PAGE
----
Here’s the release from Colorado State University (Jennifer Dimas):
Conflict between groundwater and surface water users on the South Platte River has been a concern in Colorado. At issue currently is whether the strict augmentation of water supplies now required of those who use wells is actually over-augmenting the alluvial aquifer, causing damage from high water tables.
The Colorado Water Institute at Colorado State University is studying the issue under the direction of the state legislature. Members of the CWI study team will meet with stakeholders and the public in Longmont, Sterling and Gilcrest, Colo., in January to inform people about the study and to facilitate dialogue about the issues.
The meetings are free and open to the public. The format for all three meetings will be the same. They will be held from 1 – 3:30 p.m. Jan. 8 at the Southwest Weld County Building, 4209 Weld County Rd 24 in Longmont; 6 – 8:30 p.m. Jan. 14 at the Hays Student Center Ballroom, Northeast Junior College, 100 College Avenue in Sterling; and 6 – 8:30 p.m. Jan. 24 at Valley High School, 1001 Birch Street in Gilcrest.
Earlier this year, Colorado House Bill 12-1278 was passed, authorizing the first comprehensive study since the landmark study of 1968 that preceded the “Water Right Determination and Administration Act of 1969.” That act was Colorado’s attempt to bring groundwater under the same prior appropriation system as surface water rights.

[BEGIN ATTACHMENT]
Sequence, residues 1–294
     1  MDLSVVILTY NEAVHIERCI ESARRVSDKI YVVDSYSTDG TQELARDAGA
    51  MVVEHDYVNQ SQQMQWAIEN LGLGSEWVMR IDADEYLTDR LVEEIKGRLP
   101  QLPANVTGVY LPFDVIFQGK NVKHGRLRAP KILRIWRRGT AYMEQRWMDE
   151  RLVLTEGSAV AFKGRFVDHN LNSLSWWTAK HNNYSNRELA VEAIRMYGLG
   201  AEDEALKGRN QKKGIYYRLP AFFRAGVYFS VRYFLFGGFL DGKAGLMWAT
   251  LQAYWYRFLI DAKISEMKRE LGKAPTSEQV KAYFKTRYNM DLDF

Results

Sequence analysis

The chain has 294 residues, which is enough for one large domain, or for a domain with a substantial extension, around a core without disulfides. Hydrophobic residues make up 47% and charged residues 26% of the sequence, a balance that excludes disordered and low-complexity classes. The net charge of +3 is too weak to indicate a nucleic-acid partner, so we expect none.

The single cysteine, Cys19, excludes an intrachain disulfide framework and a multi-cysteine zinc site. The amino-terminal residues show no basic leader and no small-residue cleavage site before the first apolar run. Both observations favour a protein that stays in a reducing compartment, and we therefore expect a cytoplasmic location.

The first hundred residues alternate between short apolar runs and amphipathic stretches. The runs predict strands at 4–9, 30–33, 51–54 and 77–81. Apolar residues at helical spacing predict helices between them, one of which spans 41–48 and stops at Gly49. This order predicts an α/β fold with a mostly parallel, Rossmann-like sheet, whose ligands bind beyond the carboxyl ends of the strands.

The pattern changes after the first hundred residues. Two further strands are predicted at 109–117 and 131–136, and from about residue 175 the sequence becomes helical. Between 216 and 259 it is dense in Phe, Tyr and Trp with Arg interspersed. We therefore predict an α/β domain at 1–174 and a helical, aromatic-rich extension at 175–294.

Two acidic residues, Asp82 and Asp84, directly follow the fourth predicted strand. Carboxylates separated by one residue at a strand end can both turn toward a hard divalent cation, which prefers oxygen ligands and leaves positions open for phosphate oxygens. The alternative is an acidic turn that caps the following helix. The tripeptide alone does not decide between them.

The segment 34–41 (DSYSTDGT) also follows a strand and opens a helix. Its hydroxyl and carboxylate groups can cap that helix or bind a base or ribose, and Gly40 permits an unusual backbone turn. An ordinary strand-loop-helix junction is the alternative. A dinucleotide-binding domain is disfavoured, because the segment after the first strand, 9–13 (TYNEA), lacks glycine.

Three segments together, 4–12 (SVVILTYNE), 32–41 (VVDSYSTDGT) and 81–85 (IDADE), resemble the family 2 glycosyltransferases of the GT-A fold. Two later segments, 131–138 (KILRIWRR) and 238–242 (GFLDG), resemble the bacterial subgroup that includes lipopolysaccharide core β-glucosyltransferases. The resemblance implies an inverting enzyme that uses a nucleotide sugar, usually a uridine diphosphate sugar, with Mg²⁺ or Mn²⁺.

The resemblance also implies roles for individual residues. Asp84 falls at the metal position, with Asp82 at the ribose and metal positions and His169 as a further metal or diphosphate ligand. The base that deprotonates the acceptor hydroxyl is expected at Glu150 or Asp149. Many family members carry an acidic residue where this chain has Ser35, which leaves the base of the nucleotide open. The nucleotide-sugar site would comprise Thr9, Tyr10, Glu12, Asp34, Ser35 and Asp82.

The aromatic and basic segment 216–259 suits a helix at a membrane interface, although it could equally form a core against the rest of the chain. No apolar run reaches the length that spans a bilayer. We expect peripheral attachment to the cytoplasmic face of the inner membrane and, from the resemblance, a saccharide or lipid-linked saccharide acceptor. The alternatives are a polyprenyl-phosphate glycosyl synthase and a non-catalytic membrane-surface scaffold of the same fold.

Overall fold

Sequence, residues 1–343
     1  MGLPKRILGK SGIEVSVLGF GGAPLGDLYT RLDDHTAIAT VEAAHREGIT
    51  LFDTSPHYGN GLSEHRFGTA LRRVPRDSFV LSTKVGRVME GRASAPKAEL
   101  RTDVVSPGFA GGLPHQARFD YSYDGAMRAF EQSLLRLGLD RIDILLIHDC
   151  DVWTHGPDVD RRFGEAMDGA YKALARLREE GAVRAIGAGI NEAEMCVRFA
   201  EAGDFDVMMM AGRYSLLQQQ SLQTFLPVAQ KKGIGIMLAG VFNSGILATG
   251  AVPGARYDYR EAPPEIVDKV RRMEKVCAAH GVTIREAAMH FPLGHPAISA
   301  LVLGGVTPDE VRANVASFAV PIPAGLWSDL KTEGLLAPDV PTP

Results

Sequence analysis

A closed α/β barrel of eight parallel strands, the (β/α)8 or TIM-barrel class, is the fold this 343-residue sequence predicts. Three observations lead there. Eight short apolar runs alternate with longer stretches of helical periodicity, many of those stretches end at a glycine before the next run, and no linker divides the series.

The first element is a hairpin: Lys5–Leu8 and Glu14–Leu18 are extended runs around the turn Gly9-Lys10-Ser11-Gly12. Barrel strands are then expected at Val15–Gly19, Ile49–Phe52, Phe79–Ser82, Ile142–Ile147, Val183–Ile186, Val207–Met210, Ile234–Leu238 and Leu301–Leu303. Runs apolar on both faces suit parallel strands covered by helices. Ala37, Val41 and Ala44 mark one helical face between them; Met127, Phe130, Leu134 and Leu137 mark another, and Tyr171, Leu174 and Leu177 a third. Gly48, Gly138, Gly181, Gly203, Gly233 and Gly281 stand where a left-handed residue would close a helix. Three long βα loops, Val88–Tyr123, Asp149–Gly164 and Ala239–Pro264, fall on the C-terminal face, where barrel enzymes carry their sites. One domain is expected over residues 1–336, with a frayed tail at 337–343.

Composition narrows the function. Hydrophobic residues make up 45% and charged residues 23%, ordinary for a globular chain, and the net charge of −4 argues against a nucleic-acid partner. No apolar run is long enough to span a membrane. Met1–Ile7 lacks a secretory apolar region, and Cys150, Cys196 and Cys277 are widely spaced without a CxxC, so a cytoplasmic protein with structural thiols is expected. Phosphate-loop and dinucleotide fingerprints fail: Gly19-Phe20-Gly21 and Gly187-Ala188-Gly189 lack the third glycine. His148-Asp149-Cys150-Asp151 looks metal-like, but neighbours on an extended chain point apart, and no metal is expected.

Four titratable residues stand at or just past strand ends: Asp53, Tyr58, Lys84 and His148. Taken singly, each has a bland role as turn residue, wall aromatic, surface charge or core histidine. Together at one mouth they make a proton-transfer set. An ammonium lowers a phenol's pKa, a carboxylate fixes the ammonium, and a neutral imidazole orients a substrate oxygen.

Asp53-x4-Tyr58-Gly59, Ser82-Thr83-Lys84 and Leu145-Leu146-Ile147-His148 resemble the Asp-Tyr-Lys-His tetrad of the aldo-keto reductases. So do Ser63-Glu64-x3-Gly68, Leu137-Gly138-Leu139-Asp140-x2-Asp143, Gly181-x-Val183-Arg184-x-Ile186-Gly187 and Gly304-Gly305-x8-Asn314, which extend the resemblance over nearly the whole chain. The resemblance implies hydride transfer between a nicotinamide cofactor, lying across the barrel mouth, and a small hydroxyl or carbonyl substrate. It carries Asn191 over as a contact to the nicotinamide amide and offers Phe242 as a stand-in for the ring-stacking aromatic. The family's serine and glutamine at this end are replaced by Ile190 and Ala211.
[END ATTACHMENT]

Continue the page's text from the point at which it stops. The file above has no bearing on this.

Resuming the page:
“It’s time for the state to evaluate the relative success of augmentation plans authorized by the 1969 Act to meet the dual goals of protecting senior surface water diverters and maximizing the use of both groundwater and surface waters of the state,” said Rep. Randy Fischer, one of the bill’s sponsors.
CSU’s work collecting and analyzing available data is intended to bring objectivity to this polarizing issue. Results are due to the state legislature in December 2013. Reagan Waskom, CWI director and head of the study, said that his study team hopes to raise the level of conversation from contentious debate to respectful dialogue—an important role of a land-grant university.
“Gov. Hickenlooper recently touted Colorado as a state where the high altitude gives us the ability to tackle our problems through creative collaboration. We are going to take him up on the challenge,” said Waskom.
Joe Frank and Robert Sakata, two state water leaders often seen to be on opposite sides of the issue, have agreed to engage in a facilitated-dialogue about the topic as part of the January community meetings.
For more information about the community meetings and about the study, visit http://www.cwi.colostate.edu/southplatte/index.html.
More South Platte River Basin coverage here.